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Music Review: Dave Stryker – ‘Eight Track’

Eight Track, released last month from guitarist Dave Stryker, is a journey into territory not the norm for a jazz album: ‘70s pop. Although every once in a while, an artist will venture to work with pop and rock material, more often than not, they were met with critical sneering - think Ramsey Lewis or, grudging praise, think Wes Montgomery. The Great American Songbook, jazz classics, and original compositions have been the stock in trade for the normal jazz album. Not Stryker. As he explains in his liner notes, he has often included a pop hit or two in his…

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Summary : Seventies pop hits make for fine jazz from Dave Stryker.

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Eight Track, released last month from guitarist Dave Stryker, is a journey into territory not the norm for a jazz album: ‘70s pop. Although every once in a while, an artist will venture to work with pop and rock material, more often than not, they were met with critical sneering – think Ramsey Lewis or, grudging praise, think Wes Montgomery. The Great American Songbook, jazz classics, and original compositions have been the stock in trade for the normal jazz album.

Not Stryker. As he explains in his liner notes, he has often included a pop hit or two in his recordings and his live sets, because when he was learning his trade, the old hands played them, and besides, it gives him a way of connecting with his audience. A full album of pop tunes though, that is something different and that is the concept for Eight Track. And it works. The eight track may have gone the way of the rotary telephone and the typewriter, but the music still resonates, at least with those of us who were around at the time.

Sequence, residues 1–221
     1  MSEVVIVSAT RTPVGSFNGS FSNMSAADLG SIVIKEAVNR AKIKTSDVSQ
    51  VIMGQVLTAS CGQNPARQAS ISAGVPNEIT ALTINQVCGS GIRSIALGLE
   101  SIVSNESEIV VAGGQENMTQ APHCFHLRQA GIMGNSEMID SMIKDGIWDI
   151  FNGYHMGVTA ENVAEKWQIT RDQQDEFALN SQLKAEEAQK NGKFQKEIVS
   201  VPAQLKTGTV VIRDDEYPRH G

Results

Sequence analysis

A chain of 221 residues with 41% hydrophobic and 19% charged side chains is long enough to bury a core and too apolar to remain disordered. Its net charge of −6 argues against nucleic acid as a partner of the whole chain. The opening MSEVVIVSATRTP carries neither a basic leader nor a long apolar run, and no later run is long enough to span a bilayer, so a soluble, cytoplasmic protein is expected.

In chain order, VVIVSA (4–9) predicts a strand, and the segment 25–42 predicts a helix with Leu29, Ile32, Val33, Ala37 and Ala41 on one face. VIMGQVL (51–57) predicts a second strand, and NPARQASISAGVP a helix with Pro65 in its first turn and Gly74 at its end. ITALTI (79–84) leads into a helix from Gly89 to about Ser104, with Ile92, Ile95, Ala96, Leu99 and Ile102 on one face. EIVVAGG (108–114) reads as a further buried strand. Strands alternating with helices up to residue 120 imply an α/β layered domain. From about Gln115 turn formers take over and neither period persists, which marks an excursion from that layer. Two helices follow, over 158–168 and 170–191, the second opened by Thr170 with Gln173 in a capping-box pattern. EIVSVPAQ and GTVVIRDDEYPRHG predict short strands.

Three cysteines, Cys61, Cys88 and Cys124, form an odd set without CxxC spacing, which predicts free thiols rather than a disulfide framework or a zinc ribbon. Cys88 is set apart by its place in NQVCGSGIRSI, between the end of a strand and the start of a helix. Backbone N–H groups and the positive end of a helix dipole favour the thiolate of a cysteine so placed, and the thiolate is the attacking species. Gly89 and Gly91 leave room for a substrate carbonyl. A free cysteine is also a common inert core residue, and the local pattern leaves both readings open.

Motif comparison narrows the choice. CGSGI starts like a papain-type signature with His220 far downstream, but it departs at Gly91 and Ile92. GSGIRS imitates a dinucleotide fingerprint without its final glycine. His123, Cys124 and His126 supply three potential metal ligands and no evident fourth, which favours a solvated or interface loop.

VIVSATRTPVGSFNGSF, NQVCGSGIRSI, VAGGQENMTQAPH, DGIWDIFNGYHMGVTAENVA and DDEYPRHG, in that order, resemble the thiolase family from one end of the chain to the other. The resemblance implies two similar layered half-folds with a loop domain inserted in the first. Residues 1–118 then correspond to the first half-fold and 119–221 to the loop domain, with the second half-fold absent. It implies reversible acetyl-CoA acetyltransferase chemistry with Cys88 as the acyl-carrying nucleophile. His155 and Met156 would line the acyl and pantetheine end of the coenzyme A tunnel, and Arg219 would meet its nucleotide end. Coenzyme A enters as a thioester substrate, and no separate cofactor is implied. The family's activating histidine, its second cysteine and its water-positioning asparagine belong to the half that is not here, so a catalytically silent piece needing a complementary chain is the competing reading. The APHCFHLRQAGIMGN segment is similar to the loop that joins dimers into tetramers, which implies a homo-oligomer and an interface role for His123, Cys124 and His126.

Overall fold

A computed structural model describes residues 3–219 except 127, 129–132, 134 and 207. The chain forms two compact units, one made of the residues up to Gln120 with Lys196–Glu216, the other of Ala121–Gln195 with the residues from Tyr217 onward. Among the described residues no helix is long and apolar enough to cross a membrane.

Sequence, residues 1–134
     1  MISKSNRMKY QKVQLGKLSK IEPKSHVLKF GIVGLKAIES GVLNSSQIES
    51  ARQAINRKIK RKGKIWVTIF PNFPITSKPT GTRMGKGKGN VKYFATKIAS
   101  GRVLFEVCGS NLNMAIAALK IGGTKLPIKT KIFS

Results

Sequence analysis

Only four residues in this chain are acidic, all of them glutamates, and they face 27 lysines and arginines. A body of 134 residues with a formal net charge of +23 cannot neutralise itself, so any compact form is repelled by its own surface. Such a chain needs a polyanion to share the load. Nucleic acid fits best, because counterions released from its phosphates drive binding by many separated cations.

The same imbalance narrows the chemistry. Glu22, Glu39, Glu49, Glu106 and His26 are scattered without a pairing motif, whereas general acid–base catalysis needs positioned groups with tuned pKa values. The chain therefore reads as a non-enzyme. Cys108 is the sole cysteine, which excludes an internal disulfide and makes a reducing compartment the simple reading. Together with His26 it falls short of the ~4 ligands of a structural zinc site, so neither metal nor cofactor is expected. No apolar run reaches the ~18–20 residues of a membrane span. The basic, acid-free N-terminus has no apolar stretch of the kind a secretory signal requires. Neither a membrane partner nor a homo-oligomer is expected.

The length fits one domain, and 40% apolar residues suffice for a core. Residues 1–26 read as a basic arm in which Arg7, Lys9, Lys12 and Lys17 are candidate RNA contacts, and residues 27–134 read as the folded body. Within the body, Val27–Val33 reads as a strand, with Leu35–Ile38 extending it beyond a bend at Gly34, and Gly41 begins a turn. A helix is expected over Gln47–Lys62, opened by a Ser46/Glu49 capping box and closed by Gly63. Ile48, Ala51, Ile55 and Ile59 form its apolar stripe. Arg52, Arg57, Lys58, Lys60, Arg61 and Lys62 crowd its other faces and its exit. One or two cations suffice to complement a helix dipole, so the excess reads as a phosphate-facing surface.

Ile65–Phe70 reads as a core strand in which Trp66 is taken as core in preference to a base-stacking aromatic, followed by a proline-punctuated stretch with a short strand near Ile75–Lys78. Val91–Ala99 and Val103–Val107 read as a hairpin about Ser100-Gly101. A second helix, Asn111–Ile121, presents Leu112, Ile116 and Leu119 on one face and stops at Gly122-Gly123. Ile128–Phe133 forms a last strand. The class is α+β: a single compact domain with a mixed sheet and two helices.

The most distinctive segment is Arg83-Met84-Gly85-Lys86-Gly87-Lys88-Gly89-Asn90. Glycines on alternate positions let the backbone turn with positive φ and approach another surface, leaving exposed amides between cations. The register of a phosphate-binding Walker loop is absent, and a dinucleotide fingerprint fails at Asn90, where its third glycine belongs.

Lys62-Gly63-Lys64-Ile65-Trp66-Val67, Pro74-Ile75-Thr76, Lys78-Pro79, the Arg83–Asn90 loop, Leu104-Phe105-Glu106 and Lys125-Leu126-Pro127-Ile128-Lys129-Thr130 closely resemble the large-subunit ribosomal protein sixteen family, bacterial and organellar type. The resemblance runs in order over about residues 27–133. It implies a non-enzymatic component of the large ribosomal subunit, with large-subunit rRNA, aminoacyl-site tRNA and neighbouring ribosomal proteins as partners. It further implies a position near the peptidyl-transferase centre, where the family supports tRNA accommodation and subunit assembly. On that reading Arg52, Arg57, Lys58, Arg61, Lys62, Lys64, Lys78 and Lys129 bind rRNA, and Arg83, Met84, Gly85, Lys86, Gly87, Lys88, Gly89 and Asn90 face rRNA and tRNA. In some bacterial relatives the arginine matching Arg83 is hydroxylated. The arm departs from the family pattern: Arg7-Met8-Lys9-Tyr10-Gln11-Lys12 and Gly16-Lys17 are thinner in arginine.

There are 10 tunes on the album coming from the ’70s, ranging from hits by Pink Floyd and Glen Campbell to Curtis Mayfield and The Jacksons. The repertoire suggests Stryker’s fairly eclectic taste in nostalgic fare, and it all makes for fine mainstream jazz played with obvious affection.stryker (224x225) Leading his usual trio of Jared Gold on the Hammond B3 organ and drummer McClenty Hunter, and joined by Stefon Harris on vibraphone, he opens the album with “I’ll Be Around,” a tune made famous from The Spinners. Fine versions of Jimmy Webb’s “Wichita Lineman,” Hair’s “Aquarius,” a pop hit via The Fifth Dimension, and The Association’s “Never My Love” add to the fun. The work on Roger Waters’ Floyd classic “Money” is a blast, and there are some sweet solo sounds on Stevie Wonder’s “Superwoman.”

Truly, however, for any refugee from back in the day, there isn’t a track on the album that won’t bring a smile to the face and a tap or two to the foot.

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